+<li>Then the (usually 512) actual data-bytes are written. Similar as for reading: the CPU must provide these bytes fast enough, using a tight polling loop.</li>
+<li>After the last data byte has been written, the FDC automatically appends two CRC bytes. The CRC-calculation is identical as for the read-sector command.</li>
+<li>And finally one 0xFE byte is written. I’m not exactly sure what the purpose of this byte is. E.g. it’s not part of the standard IBM track layout.</li>
+</ul>
+<p>Note: the track was formatted with a certain gap-length (gap2) between the end of the sector-header and the start of the data-block. This may have been a different length as the standard IBM gap2-length. However after re-writing the sector, this gap is restored to the standard length of 22 bytes. In other words: this part of the formatting is not preserved.</p>
+<p>Remember that the nominal rotation rate is 300rpm, but the actual drive may have a slightly different rate. In particular the rotation rate when the track was formatted may be different from the rate when the sector is overwritten. During reading we can synchronize on the prior recording speed (via the PLL), but this is not possible during writing. This is because writing is a two-step process: first we demagnetize the to-be-overwritten part of the disk, then we write a new magnetic pattern. So during the write-process there really is no magnetic pattern left on the disk for the PLL to synchronize on.</p>
+<p>Because of this possible difference in rotation rate, after a re-write, “gap2” and “gap3” may have a different length. And the new length may not be a multiple of a full byte anymore. In other words: some filler bytes in the gap may have been partly overwritten. And the new magnetic pattern on the transition may not even satisfy all MFM-encoding-constraints anymore (no two 1-bits directly after each other, and at most three 0-bits between two 1-bits).</p>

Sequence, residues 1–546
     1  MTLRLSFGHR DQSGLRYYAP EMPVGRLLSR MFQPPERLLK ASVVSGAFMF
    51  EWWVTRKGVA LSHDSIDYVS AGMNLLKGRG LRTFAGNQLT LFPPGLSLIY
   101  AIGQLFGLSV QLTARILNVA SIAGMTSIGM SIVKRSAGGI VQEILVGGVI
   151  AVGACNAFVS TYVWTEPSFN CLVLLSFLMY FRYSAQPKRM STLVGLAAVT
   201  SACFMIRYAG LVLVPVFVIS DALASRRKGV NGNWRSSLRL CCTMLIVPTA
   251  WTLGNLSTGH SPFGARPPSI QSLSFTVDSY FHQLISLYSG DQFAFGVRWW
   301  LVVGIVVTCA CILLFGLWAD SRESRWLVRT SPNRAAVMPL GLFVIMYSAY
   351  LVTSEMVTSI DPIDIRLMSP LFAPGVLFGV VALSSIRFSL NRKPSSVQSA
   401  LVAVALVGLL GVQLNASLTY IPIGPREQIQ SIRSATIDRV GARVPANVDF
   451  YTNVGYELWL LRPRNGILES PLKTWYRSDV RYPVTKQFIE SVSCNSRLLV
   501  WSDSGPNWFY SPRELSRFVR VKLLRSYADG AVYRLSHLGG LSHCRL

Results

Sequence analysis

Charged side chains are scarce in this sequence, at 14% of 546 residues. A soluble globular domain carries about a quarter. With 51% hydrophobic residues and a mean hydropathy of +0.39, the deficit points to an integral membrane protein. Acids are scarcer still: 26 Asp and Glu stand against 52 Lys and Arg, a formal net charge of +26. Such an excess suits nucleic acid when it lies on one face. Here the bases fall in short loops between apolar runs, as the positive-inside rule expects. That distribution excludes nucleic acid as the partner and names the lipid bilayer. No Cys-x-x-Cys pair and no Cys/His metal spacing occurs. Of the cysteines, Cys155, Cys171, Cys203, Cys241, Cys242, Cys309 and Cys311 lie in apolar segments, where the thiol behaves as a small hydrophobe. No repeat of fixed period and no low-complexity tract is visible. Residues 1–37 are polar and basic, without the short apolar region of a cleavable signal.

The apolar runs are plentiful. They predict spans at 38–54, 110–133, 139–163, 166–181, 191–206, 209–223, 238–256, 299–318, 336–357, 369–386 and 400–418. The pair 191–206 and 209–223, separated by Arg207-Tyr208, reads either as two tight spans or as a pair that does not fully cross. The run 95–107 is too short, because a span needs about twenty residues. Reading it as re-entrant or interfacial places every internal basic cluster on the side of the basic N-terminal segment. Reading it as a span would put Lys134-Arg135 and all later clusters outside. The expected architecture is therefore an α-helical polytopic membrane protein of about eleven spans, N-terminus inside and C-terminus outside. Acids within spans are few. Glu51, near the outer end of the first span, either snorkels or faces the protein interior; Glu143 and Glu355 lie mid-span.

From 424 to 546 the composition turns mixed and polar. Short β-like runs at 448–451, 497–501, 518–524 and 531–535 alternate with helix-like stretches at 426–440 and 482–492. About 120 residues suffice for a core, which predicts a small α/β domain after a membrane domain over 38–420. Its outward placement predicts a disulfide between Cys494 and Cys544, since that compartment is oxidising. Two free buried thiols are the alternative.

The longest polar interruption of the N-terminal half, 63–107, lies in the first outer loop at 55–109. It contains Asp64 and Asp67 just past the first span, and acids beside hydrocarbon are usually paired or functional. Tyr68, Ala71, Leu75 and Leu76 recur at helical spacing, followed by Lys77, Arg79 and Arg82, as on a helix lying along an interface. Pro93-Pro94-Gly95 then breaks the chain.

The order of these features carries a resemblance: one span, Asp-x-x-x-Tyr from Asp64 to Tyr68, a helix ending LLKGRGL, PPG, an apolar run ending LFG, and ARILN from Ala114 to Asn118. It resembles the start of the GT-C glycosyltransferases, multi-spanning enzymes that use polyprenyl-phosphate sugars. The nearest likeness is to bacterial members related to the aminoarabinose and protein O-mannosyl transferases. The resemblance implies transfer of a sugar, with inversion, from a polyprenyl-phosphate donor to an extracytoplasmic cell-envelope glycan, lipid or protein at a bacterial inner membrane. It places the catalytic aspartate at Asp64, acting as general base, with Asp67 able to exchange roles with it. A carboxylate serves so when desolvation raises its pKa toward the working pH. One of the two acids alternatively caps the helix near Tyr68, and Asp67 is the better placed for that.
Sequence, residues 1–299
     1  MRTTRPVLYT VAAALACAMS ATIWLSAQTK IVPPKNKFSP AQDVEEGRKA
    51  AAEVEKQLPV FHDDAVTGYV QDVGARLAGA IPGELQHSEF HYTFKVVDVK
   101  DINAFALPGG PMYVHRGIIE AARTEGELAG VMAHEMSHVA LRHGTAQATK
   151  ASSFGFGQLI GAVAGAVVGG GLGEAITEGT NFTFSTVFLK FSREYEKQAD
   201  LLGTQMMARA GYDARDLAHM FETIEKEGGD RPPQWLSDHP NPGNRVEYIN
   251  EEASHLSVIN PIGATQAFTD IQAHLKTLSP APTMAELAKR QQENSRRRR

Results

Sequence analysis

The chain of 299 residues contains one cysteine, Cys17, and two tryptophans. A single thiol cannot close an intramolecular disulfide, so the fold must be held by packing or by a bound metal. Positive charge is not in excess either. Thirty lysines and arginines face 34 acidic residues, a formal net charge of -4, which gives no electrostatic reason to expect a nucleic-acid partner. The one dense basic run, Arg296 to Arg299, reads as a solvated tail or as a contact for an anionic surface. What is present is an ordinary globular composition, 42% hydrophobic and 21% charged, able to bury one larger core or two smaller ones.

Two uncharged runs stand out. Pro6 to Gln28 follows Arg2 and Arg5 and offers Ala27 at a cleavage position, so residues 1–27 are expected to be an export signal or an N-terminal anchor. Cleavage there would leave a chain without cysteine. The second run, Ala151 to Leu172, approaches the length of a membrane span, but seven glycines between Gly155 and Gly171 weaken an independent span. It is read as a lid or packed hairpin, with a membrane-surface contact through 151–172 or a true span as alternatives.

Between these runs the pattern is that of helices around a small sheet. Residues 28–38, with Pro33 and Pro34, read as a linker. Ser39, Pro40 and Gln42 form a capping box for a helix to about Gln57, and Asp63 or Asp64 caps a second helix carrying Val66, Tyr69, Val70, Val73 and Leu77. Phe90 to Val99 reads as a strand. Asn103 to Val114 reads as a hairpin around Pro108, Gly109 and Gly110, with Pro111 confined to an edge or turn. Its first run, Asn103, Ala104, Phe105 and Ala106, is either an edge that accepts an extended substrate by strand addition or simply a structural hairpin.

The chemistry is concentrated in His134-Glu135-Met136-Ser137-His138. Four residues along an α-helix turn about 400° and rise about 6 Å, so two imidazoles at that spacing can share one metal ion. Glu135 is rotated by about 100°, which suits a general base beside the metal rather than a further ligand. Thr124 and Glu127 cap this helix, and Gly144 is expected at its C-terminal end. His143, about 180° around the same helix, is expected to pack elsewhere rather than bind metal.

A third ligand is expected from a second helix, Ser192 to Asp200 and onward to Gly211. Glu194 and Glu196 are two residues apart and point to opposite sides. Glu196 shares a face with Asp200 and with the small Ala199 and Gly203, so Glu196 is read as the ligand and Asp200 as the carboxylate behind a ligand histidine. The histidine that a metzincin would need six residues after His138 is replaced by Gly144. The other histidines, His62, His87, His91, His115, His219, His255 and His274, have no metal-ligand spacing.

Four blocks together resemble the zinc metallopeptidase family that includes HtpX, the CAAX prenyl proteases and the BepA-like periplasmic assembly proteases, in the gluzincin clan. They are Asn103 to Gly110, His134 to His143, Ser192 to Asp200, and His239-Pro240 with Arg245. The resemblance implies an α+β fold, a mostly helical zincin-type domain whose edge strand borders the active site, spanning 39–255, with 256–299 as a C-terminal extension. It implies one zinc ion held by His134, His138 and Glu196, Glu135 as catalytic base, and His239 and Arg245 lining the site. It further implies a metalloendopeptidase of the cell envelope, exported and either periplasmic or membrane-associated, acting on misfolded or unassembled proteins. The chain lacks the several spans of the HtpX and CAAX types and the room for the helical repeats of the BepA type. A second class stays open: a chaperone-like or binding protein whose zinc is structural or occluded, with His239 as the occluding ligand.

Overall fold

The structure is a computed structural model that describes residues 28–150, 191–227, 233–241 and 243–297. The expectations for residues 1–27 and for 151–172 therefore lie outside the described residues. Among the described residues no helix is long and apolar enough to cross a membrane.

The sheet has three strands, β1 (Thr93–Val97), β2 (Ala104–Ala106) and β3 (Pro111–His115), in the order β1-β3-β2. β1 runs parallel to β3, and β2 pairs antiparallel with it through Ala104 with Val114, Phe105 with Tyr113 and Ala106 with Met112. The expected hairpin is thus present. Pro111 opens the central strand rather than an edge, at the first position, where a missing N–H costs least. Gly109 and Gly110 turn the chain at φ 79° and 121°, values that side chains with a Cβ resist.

+<p>Also demagnetizing (via the erase-head) requires a stronger magnetic field than writing new data (via the write-head). Thus erasing is a more blunt operation, while writing can be more precise. The erase- and the write head have some distance between them, it takes a little bit of time before the erased part of the disk has rotated under the write-head. So activating the erase-head should happen a little bit before writing can happen (I’m not exactly sure how the FDCs handle this). But this means that erasing and re-writing may not be perfectly aligned on the disk. So there can be small parts on the disk that were erased but not-rewritten. Or there can be small parts that were not erased but are rewritten. In other words: it’s not possible to very precisely change the magnetic patterns in one region, while leaving the parts directly in front and directly after perfectly in tact.</p>
+<p>The previous two paragraphs both explain why the gaps around the sector-data-block are needed. And why, after a rewrite, these gaps can contain garbage. Rather than clean filler-bytes, as in freshly formatted track. In summary: we always need to re-write whole blocks, from one gap to the next. And these gaps should be considered to contain (some) garbage after a re-write.</p>
+
+<h2 id="formatting">4.3. In detail: formatting a track</h2>
+
+<p>In the data-sheets this is sometimes called “writing a track” or sometimes “formatting a track”. From a FDC point of view, formatting a full track is actually a lot simpler compared to reading/write a sector. Basically we need to:</p>
+<ul>
+<li>Wait for the “index pulse”.</li>
+<li>Start writing the track-layout.</li>
+<li>Continue doing this till the next “index pulse”. In other words: write for one full disk rotation.</li>
+</ul>
+<p>But of course the 2nd point “write the track-layout” still hides a lot of complexity inside. We’ll address it in a moment.</p>
+<p>Remember that the rotation-rate is not exact, so this command will not write exactly 6250 bytes. It may not even be an integer multiple of a byte. Normally this variation in rotation speed is small enough to only affect “gap4”, that is the gap after the last sector and before the track-header.</p>
+<p>Now about point 2: “writing the track layout”. This part is handled <em>totally</em> different in the TC8566AF and the WD2793 family of FDCs.</p>
+
+<h3 id="format-track-tc8566af">Format-track command on the TC8566AF family</h3>
+
+<p>The TC8566AF format command only takes a few parameters and then more or less independently writes the track. These parameters are:</p>
+<ul>
+<li>The sector size. A single size parameter implies that all sectors in the track will have the same size.</li>
+<li>The number of sectors in the track.</li>
+<li>The length of “gap3”, that is the gap between the end of a sector and the start of the next one.</li>
+<li>The value for the data-byte. The data-blocks of all sectors are filled with this single byte.</li>
+<li>And per sector: the value for the “C”, “H”, “R” and “N” fields in the sector-header.</li>
+</ul>